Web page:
From the November/December 2019 issue of Acoustic Guitar | BY DERK RICHARDSON

After moving to the United States from Peru in 1975, Ciro Hurtado rose to prominence adding a third guitar to Strunz & Farah’s sound for several years and recording and touring as a member of the longstanding Latin American folk jazz ensemble Huayucaltia. Of the many albums he’s released along the way under his own name, Altiplano takes a relatively minimalist approach to revisiting and reinventing the Andean music of his homeland. 


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The album opens with “Macchu Picchu,” an ensemble piece incorporating keyboards, bass, quena, zampoñas, bombos, shaker, charango, and Indian vocals by Siddhartha Belmannu. A similar grouping resurfaces on “Recuerdos,” with Mariel Henry singing lead in Spanish, supported by vocalists Libby Harding and Cindy Harding (Hurtado’s wife). Lovely as they are, those tunes do not push much beyond the mild-mannered parameters of world-folk fusion. The rest of the album presents Hurtado’s fine flamenco-, classical-, and jazz-influenced guitar work in simpler settings: four solo acoustic instrumentals, one duet with Cindy Harding on flutes and percussion, two trios with vocals (one by Cindy Harding, one by Alexa Ramirez), and a quartet with quena, cello, and shaker.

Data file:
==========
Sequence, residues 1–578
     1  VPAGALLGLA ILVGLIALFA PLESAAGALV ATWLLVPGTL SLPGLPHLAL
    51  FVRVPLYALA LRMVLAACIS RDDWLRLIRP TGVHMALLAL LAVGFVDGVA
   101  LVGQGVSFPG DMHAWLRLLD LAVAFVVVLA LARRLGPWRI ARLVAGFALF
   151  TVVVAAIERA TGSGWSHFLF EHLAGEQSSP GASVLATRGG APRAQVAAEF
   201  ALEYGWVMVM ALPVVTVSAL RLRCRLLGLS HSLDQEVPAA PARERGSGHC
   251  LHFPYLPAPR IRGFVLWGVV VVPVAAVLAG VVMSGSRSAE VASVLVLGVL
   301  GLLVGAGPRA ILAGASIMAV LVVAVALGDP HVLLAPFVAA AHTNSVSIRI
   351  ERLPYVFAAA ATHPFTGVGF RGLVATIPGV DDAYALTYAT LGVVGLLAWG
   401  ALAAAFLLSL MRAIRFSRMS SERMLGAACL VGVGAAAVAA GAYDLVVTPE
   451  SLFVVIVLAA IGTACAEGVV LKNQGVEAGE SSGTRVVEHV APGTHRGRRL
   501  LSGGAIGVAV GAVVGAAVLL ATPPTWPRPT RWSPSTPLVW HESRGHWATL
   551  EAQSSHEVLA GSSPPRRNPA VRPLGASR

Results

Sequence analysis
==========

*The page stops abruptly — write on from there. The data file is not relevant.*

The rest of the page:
Those who were introduced to Andean music by the classic tune “El Condor Pasa” by Los Incas and Simon & Garfunkel, will hear enough zampoña (pan flute) to stir the memory, for better or worse, but it’s Hurtado’s pristine nylon-string picking that carries the recording, right through the laid-back cover of “The House of the Rising Sun” that brings the album to an unruffled conclusion.

This article originally appeared in the November/December 2019 issue of Acoustic Guitar magazine.